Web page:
The recoverted waste may then be added to a mixer or hydrapulper containing fresh asbestos and surfactant, such that all reconverted waste is recovered and utilized. It has been found that up to 50% of the entire final batch may comprise recovered waste without detriment to the commercial process. The resulting batch may then be processed in the normal manner as hereinbefore described.


A sample of 100 pounds of yarn containing 10% contamination was reacted with 200 gallons of dilute (0.125%) hydrochloric acid for 30 minutes in a commercial washing machine. Excess liquid was then squeezed out in a press. The resulting mass was washed for 2 cycles in tap water. The washed mass was then reacted with dilute (0.08%) sodium hydroxide for 30 minutes in a hydrapulper. The resulting mix was then added to and pulped with regular fiber and utilized to make asbestos products.

Patent Citations
Cited PatentFiling datePublication dateApplicantTitle
US1214931 *Mar 14, 1913Feb 6, 1917Leon LeducProcess for obtaining threads of artificial silk, films, and other objects.
US1701110 *Apr 21, 1925Feb 5, 1929American Bemberg CorpProcess for the recovery of ammonia from the waste waters in the manufacture of artificial filaments by the cuprammonia process
US2972221 *Jul 26, 1957Feb 21, 1961Rex AsbestwerkeMethod of converting individual fibers into coherent fibrous bodies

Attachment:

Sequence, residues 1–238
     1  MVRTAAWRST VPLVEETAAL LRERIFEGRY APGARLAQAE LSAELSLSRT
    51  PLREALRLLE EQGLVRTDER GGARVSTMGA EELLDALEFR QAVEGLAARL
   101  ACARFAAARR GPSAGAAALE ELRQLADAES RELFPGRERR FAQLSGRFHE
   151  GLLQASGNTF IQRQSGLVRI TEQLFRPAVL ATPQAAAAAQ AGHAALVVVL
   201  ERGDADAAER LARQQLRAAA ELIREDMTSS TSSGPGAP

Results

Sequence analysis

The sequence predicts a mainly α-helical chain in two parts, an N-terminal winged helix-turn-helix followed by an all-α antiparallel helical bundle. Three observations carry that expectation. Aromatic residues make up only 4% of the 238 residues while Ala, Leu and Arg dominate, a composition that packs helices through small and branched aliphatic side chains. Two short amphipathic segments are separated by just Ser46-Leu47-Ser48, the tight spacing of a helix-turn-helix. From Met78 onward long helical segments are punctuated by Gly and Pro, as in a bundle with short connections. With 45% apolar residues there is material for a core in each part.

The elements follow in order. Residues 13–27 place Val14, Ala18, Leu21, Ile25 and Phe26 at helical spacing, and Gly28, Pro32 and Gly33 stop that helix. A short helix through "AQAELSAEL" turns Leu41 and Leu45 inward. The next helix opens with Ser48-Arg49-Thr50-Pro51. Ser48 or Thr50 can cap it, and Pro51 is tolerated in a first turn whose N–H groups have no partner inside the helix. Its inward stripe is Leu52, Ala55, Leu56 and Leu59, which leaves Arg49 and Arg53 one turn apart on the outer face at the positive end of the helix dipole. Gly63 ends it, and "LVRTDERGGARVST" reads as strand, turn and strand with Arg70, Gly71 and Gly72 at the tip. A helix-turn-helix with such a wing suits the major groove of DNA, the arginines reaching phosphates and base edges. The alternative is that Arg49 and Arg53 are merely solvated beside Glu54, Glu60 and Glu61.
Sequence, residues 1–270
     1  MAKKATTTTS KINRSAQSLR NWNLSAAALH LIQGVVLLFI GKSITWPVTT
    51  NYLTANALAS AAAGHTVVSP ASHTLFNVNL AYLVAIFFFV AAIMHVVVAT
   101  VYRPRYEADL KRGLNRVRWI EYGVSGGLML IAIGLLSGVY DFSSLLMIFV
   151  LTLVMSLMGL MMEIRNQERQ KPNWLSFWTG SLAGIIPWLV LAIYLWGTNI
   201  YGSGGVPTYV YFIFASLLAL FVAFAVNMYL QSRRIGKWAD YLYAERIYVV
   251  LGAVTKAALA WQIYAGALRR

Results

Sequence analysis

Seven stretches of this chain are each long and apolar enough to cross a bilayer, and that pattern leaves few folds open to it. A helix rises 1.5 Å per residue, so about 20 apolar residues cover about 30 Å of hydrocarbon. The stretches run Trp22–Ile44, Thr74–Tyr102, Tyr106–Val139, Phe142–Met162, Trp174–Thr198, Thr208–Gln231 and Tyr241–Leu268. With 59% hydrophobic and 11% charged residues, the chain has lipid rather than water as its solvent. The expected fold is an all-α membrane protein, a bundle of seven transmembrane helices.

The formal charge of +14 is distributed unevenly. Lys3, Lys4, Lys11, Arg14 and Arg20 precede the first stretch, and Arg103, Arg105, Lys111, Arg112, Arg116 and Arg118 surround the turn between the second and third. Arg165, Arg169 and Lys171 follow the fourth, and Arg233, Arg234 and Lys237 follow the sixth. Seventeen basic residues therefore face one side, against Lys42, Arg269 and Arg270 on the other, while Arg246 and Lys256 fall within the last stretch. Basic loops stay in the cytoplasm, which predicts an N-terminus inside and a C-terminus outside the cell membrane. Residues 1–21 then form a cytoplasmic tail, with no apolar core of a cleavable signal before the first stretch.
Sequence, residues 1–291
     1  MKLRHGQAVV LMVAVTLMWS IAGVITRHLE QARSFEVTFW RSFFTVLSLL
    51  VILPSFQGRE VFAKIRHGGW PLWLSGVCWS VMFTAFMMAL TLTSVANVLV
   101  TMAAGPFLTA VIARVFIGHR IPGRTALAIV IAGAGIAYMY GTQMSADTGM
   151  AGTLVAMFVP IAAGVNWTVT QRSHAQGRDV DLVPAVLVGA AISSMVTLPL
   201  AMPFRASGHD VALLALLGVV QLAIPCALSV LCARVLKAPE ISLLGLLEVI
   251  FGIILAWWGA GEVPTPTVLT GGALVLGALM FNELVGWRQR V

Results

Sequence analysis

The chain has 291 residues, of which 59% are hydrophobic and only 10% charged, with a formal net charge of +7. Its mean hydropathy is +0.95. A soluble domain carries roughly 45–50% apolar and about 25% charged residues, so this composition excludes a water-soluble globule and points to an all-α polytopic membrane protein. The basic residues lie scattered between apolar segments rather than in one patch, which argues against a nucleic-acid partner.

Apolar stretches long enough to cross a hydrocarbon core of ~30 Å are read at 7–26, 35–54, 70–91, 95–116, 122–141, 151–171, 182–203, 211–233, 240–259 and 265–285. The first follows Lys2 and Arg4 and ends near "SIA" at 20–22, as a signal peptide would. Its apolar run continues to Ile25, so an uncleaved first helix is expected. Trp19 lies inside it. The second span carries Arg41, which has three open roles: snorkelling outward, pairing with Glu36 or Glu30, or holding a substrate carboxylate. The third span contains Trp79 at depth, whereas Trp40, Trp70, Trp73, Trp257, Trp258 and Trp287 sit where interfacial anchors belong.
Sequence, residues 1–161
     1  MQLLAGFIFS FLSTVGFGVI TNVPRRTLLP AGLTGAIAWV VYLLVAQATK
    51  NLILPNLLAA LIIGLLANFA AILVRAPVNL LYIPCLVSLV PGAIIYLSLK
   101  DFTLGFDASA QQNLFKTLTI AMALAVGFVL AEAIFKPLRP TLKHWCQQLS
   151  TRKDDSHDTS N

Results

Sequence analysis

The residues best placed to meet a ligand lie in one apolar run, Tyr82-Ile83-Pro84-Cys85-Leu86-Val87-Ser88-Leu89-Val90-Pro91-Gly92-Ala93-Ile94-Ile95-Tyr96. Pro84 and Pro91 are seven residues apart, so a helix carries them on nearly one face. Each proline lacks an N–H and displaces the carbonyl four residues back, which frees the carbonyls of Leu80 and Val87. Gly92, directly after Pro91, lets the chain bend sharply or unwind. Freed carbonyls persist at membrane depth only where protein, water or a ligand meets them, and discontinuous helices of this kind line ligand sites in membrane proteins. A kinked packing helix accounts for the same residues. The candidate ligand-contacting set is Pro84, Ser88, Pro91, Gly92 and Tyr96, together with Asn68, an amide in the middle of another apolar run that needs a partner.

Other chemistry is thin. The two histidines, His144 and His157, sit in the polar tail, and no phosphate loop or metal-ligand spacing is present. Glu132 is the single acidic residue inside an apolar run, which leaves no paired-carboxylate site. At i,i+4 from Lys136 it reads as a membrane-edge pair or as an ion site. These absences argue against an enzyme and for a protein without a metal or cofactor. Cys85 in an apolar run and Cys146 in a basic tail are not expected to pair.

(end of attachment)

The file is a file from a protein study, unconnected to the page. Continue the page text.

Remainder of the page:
US3318983 *Aug 27, 1963May 9, 1967Monsanto CoRecycling ammonium hydroxide-treated water in the production of polyacrylonitrile fibers
US3354028 *Dec 30, 1963Nov 21, 1967Garden State Paper Company IncClarifying waste effluents from re-inking processes by reversing the effluent ph
Referenced by
Citing PatentFiling datePublication dateApplicantTitle
US4818143 *Jan 7, 1988Apr 4, 1989Asd, Inc.Asbestos decomposition
US5030360 *Sep 13, 1989Jul 9, 1991Murray GraingerLiquid-laden asbestos compactor and method for removing liquids from asbestos
EP0348502A1 *Jan 6, 1989Jan 3, 1990Chou Song TienAsbestos decomposition.
WO1989006167A1 *Jan 6, 1989Jul 13, 1989Chou Song TienAsbestos decomposition
WO1997027902A1 *Feb 3, 1997Aug 7, 1997Hja-Engineering OyMethod of decomposing asbestos-containing wastes
U.S. Classification264/37.23, 162/155, 264/183
International ClassificationD01F13/00
Cooperative ClassificationD01F13/00, Y02P70/625
European ClassificationD01F13/00
Legal Events
Oct 22, 1982ASAssignment
Effective date: 19820921
Sep 6, 1985ASAssignment
Effective date: 19850610
Apr 23, 1996ASAssignment
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Effective date: 19951006